Orangemen and women say that the parades are intrinsically linked to their culture and community, be it a public statement of faith, a commemoration of those who gave their lives in war or the annual colour and festivities of the Twelfth of July.
They stress that for decades there was no dispute from the Catholic community over routes and timings of parades.
Opponents of the organisation say the parades stand for bigotry and sectarianism and symbolise a Northern Ireland organised to uphold the rights of only one part of the population.
They argue that opposition to parades has grown as the Catholic community has asserted its right not to be subjected to the whims of one section of the community.
Religious and political
The Orange Order has never been simply a religious organisation.
When the Home Rule movement emerged in the nineteenth century, the Orange Order steadily moved towards the unionist position.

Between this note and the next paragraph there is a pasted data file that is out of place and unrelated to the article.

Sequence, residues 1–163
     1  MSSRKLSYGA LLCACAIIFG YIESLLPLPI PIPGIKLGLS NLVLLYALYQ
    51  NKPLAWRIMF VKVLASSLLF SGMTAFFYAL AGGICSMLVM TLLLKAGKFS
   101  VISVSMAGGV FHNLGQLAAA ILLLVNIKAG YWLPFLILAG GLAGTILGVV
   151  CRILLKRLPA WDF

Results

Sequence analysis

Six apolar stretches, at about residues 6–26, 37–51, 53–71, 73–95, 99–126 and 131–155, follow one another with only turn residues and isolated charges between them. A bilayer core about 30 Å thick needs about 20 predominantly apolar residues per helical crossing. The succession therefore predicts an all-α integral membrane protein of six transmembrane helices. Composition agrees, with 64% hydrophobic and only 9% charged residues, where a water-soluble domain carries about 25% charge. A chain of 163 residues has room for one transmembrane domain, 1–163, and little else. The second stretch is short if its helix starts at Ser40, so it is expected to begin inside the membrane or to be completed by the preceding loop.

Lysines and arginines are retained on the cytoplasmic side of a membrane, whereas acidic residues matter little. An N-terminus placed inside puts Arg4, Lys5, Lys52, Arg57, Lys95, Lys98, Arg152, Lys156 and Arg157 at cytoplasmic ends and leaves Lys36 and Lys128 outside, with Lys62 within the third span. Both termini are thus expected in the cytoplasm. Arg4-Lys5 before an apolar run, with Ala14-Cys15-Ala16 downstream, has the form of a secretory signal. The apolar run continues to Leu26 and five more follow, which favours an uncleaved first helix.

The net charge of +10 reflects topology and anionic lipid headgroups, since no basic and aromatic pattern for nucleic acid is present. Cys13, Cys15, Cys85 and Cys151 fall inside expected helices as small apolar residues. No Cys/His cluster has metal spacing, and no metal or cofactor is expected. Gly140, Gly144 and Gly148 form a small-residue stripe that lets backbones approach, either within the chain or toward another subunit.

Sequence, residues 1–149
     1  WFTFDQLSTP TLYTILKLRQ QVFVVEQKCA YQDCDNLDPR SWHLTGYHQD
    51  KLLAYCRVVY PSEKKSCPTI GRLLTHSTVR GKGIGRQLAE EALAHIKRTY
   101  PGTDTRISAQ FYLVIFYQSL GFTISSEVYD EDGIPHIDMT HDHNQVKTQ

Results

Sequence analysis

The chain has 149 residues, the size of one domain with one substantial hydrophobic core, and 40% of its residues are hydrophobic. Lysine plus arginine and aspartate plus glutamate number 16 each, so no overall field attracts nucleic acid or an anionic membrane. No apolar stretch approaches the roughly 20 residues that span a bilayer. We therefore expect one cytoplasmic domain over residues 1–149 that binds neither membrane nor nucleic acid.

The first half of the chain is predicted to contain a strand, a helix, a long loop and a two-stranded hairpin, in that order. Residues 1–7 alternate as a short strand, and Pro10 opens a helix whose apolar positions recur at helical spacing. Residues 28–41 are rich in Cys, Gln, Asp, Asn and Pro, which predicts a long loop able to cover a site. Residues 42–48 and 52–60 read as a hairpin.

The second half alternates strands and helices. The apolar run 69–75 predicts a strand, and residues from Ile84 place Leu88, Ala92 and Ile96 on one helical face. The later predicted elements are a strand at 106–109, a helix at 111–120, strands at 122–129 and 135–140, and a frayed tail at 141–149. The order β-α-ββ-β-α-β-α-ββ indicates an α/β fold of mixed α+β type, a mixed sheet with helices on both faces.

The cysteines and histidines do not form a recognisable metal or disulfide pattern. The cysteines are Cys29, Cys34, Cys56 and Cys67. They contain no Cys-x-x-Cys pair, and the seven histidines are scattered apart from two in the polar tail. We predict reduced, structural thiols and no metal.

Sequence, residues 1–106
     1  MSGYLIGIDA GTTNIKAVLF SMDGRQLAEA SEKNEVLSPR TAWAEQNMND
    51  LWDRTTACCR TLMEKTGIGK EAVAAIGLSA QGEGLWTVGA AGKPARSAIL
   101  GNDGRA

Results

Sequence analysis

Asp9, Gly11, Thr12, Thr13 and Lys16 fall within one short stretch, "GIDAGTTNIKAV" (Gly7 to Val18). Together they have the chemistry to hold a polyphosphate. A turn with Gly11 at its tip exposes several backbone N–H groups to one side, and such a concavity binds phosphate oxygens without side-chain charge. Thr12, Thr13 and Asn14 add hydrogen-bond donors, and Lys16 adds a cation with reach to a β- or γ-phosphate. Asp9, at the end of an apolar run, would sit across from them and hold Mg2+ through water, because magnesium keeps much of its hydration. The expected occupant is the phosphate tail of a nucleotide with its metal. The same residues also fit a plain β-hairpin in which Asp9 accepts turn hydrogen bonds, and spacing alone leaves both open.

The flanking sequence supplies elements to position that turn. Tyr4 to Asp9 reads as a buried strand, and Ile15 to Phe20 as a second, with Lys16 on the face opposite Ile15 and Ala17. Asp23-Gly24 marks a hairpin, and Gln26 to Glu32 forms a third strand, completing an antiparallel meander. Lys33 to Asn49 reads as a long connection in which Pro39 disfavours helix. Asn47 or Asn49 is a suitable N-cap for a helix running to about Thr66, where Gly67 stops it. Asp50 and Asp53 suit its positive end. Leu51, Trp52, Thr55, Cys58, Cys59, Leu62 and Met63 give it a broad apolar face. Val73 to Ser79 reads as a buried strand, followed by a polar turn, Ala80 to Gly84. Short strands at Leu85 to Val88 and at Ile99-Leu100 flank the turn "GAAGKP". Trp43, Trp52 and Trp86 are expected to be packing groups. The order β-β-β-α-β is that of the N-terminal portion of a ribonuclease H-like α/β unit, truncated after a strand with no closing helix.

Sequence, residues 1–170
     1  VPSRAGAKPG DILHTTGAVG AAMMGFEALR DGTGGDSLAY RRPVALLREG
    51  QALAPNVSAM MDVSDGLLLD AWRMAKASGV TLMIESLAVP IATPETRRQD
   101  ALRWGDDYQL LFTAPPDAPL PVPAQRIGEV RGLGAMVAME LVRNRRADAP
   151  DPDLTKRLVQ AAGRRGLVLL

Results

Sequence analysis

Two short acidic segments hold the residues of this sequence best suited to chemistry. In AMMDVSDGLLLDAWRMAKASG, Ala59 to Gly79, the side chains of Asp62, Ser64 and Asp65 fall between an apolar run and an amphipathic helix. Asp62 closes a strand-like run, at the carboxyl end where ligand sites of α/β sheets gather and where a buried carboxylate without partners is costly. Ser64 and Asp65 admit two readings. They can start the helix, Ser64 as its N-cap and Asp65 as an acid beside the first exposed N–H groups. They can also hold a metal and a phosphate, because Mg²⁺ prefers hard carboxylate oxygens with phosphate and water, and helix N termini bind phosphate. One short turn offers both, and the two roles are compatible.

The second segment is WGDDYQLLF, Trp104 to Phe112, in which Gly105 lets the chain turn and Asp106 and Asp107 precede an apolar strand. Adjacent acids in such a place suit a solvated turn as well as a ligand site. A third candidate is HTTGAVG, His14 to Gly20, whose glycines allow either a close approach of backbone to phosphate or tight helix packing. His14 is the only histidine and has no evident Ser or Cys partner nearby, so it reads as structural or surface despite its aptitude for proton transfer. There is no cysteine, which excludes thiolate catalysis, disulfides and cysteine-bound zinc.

The first unionist Members of Parliament were drawn from the ranks of the loyal orders.
Almost every minister in the Northern Ireland government from 1921 until the imposition of Direct Rule in 1972 was an Orangeman.
As the violence of the Troubles deepened, the Orange Order supported the security forces against republican terrorism and its members opposed any political agreement seen as ceding ground to republicans or giving Dublin a say in Northern Ireland affairs.
During the early 1990s republicans began attacking rural Orange halls, particularly in County Armagh, raising fears among the organisation that its members were threatened with being forced out of areas.
But at the same time, the Orange Order has faced its own fair share of scrutiny with some members displaying an ambiguous relationship towards loyalist paramilitaries and their activities.
Early in the 1992, loyalist gunmen killed five Catholics who were in a betting shop on Ormeau Road in Belfast.
Months later, a parade along the road sparked fury when some of the Orangemen present made "five-nil" hand gestures as they passed the murder scene.